Commitment Day – We all make commitments in our lives.  Some are short term, like getting a certain chore completed, and some are serious, like a marriage vow.  We say “I do”, “I will” or “I promise” in such commitments – and I suppose many do not understand the seriousness of what they are saying.  Commitment itself is a beautiful thing, though the breaking of a serious commitment can be heart breaking.  Many people today are making promises to themselves – to lose weight, to get better organized, to start or complete a project . . . and on this 1st day of this new year we mean those promises.  Like a vow, let us mean what it is we promise, and fulfill our commitments to ourselves, and others, today.  There is a difference between a resolution and a commitment – with the first Commitment Day being celebrated in 1960 as an extension of the traditional resolution making.  Commitments are often made to people so that they can benefit from them, as well as ourselves.  There must be someone in your life to whom a commitment would be meaningful . . . maybe you don’t spend enough time with your children, maybe you have failed to honor your commitment as a spouse by not being there for your significant other.  By honoring a commitment made to the ones you love, you will feel better about life in general, and you will make their lives better in the process.  Today make a heartfelt pledge and follow through on it.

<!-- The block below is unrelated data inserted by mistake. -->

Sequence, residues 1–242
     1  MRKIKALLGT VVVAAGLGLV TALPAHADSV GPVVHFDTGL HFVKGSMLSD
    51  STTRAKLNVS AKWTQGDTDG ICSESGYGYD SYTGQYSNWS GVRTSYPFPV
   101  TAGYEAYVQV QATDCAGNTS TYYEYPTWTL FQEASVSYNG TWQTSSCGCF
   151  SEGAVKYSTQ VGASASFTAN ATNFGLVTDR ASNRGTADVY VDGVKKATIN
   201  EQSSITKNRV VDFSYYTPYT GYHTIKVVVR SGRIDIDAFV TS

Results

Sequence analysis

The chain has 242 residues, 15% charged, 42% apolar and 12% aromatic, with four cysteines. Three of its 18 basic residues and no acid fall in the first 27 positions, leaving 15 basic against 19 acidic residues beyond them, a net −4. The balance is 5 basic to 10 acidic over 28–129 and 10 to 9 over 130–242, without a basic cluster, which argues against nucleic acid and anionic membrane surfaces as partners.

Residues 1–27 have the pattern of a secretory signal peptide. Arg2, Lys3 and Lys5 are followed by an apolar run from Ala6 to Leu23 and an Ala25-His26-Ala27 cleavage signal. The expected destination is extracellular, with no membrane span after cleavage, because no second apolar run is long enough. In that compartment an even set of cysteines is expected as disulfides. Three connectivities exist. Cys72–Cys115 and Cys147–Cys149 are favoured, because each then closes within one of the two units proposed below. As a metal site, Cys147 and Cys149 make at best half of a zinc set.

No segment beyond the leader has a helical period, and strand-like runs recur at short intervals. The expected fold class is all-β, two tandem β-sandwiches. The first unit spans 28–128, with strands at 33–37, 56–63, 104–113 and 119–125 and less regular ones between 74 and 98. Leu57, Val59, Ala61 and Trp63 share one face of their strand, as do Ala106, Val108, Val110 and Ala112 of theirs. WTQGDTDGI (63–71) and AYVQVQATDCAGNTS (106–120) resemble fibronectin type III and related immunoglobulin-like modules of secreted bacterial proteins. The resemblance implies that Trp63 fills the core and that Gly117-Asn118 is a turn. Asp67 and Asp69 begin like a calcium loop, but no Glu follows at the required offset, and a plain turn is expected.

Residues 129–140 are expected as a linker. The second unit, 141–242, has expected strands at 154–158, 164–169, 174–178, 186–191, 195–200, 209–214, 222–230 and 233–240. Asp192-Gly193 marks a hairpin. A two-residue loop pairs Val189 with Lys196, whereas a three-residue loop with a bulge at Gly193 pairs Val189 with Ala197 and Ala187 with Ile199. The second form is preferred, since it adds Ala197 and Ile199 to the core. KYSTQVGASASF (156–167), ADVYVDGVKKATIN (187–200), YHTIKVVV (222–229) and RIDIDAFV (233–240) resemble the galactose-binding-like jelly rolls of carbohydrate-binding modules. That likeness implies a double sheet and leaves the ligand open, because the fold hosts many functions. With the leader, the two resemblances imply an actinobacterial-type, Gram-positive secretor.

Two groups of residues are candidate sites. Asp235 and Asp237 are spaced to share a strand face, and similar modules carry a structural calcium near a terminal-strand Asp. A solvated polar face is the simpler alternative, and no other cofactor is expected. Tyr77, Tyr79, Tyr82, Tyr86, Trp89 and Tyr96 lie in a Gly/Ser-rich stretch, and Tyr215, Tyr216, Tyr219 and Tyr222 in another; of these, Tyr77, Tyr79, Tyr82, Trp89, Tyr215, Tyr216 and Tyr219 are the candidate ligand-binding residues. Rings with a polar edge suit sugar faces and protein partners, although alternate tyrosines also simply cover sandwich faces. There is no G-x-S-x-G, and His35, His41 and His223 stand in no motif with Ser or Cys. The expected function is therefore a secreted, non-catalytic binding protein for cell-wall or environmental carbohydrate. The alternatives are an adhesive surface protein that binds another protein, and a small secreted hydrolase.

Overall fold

Ellis Island Day – There is no way that I can briefly do justice to this topic, especially not in a short period of time.  Ellis Island served as a gateway from other parts of the world to the United States from 1892 to 1954 – bringing over twelve million immigrants through just a small island in New York Harbor.  It is located in the upper bay, just off of the New Jersey coast, right in the shadow of the Stature of Liberty!  It started out 3.3 acres big, and over the years, after bringing in landfill and excess earth from the ballast of ships and the construction of the subway system, it grew to be 27.5 acres!  Before it was designated as the first Federal immigration station by President Benjamin Harrison in 1890, Ellis Island was known by more than one other name.  The local Indian tribes called it “Kioshk” – or Gull Island.  Because it had rich and abundant oyster beds, and profitable shad runs, it was known as Oyster Island for many generations during the Dutch and English colonial periods.  In the 1770s the island became the private property of Samuel Ellis, and it had already been known as not only Kioshk and Oyster Island, but Dyre island, Bucking Island and Anderson’s Island.  I couldn’t find a reason for those other names, at least not without taking longer for the research.  The island developed over time from a little sandy spot that barely rose above the high tide mark, into a hanging site for pirates, a harbor fort, an ammunition depot named Fort Gibson and eventually into an immigration station.  There is SOOOO much more to tell you, but honestly, I just don’t think I can do it justice.  If you are interested in reading into this further, please check out this site, it has a lot of information that is fascinating about such an important piece of U.S. History.  What strikes me about this celebration is that THESE immigrants did it legally.  They wanted to come to our country to become a part of the fabric of this amazing nation, to be a part of her growth and success.  They came to pledge their allegiance to this nation, to its flag and to the constitution.  They loved and remembered their mother lands, but they learned our language, they became Americans.  They did not insist that America change for them but chose to change for America.  This is the way that it was intended to be.  It was not intended that WE change for other nations coming here, for us to accommodate THEIR languages, THEIR flags, THEIR religious zealotry.  It was not intended that they be given a hand out, freebies on the backs of the hard working citizens who in some cases cannot easily make it on their own, much less support 10’s of thousands, if not millions of people who didn’t bother to come here legally, following the proper channels, assimilating into OUR culture, but expecting us to change for them.  It is with loathing that I see politicians and the Hollywood weirdos ENCOURAGING the illegal entry to our country for their own political means, and I pray to God in Heaven to put a stop to this before we cease to be the nation we are and become a nation we do not recognize.  Today we honor the memory of the legal immigrants who came through Ellis Island with a dream to become Americans, and we pray for the preservation of this America they helped to build.